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Labrador Retriever

Labrador Retriever

 

One of the most popular breeds in the world, the Labrador Retriever is loyal, loving, affectionate and patient, making great family dogs. Highly intelligent, good-natured, very willing and eager to please, they are among the top choices for service dog work. They love to play, especially in water, never wanting to pass up the opportunity for a good swim. These lively dogs have an excellent, reliable, temperament and are friendly, superb with children and equable with other dogs. They crave human leadership and need to feel as though they are part of the family. Labs are easily trained. Some may be reserved with strangers unless very well socialized, preferably while they are still puppies. Adult Labs are very strong, train them while they are a puppy not to pull, and not to bolt out doorways and gateways before the humans. These dogs are watchdogs, not guard dogs, although some have been known to guard. They can become destructive if the humans are not 100% pack leader and/or if they do not receive enough mental and physical exercise, and left too much to their own devices. Like most gun dogs they usually go through a chewing stage as puppies. Show lines are generally heavier and easier going than field lines. Field lines tend to be smaller and have a slighter build than show lines but are very energetic and will easily become high strung without enough exercise.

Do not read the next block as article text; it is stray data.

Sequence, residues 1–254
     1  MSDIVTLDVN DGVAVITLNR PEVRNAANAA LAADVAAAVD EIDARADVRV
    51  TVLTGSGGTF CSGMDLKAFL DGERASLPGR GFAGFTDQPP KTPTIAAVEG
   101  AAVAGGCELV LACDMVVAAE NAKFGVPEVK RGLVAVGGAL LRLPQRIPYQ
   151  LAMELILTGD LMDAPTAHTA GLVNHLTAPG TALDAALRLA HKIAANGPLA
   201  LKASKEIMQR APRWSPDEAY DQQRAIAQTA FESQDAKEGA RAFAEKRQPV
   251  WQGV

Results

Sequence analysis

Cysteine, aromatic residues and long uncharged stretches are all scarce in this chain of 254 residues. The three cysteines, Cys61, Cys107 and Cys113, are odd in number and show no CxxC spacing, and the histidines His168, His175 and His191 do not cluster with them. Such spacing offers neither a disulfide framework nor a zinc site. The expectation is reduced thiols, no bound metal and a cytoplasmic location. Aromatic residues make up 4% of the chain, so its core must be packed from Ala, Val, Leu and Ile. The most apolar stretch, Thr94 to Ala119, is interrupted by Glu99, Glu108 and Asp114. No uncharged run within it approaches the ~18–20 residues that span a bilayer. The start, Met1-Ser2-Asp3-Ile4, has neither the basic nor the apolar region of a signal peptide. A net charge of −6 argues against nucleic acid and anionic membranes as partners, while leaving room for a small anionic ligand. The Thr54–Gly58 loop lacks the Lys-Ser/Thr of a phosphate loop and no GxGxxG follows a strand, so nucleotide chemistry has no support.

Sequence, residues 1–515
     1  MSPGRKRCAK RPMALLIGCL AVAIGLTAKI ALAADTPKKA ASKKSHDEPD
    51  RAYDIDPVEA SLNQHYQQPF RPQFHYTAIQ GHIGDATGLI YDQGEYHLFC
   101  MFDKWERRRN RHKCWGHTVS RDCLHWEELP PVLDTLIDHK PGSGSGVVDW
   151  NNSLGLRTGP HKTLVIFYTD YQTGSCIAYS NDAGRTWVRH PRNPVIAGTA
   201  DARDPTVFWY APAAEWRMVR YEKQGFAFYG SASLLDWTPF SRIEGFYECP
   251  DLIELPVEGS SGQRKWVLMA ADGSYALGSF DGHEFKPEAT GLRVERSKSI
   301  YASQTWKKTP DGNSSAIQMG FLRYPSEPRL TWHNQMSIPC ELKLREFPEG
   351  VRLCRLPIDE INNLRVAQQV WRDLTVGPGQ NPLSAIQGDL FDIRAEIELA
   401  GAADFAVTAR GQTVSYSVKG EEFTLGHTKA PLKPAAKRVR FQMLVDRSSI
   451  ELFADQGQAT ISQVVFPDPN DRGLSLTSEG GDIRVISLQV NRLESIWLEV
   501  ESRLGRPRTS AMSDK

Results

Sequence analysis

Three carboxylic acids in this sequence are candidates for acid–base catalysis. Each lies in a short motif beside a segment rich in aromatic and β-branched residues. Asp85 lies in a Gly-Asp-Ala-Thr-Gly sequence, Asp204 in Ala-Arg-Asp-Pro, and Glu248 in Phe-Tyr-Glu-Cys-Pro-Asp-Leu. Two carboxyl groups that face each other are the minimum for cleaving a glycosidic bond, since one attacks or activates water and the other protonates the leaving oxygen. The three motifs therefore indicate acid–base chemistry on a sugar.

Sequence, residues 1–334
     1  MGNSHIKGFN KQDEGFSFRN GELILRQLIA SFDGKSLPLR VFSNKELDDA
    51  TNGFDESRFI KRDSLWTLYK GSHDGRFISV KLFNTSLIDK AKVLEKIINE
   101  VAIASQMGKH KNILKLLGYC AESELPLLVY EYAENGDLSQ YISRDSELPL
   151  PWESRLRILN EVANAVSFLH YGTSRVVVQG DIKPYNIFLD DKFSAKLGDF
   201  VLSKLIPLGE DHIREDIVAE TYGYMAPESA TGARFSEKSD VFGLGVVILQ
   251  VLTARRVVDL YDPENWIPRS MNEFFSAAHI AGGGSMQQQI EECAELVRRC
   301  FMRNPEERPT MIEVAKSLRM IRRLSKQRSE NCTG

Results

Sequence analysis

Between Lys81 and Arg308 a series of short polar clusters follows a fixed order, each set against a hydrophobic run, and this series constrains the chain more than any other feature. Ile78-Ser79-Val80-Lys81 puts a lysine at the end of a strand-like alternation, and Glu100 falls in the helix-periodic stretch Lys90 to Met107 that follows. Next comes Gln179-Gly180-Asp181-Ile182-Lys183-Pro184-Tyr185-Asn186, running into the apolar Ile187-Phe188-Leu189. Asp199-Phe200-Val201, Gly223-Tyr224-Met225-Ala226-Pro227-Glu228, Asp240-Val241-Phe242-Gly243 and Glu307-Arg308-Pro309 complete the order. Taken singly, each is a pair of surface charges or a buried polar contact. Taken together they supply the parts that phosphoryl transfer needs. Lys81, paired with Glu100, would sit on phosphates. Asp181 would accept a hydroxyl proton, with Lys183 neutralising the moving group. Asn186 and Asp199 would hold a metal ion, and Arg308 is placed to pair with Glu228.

The smooth, short-haired, double coat is easy to groom. Comb and brush regularly with a firm, bristle brush, paying attention to the undercoat. Bathe or dry shampoo only when necessary. These dogs are average shedders. Labradors com in three colours, black yellow and chocolate, with more working dogs being black and yellow, rather than chocolate.

 

Labrador Retrievers are energetic dogs, delighted to work and play hard. They need to be taken on a daily, brisk, long walk, jog or run alongside you when you bicycle. ¬†While out on the walk the dog must be made to heel beside or behind the person holding the lead, as in a dog’s mind the leader leads the way, and that leader needs to be the human. They will be in their glory if you give them a job to do. Labs gain weight easily, so do not over feed.

Origin

Once known as the “St John’s Dogs,” the Labrador Retriever is one of the most popular breeds in the world. The Lab is native to Newfoundland, where it worked side by side with fishermen catching fish that came loose from the lines and trained to jump into the icy waters to help pull in the nets. Specimens were brought to England in the 1800’s by English ships coming from Labrador. The breed was crossed with setters, spaniels and other types of retrievers to improve their instincts as a hunter. The Labrador is highly trainable and is not only popular as a family companion but also excels in: hunting, tracking, retrieving, watchdog, police work, narcotics detection, guide for the blind, service dog for the disabled, search and rescue, sledding, carting, agility, field trial competitor and competitive obedience.

Health

Prone to hip and elbow dysplasia,  PRA and eye disorders. Life expectancy is about 10-12 years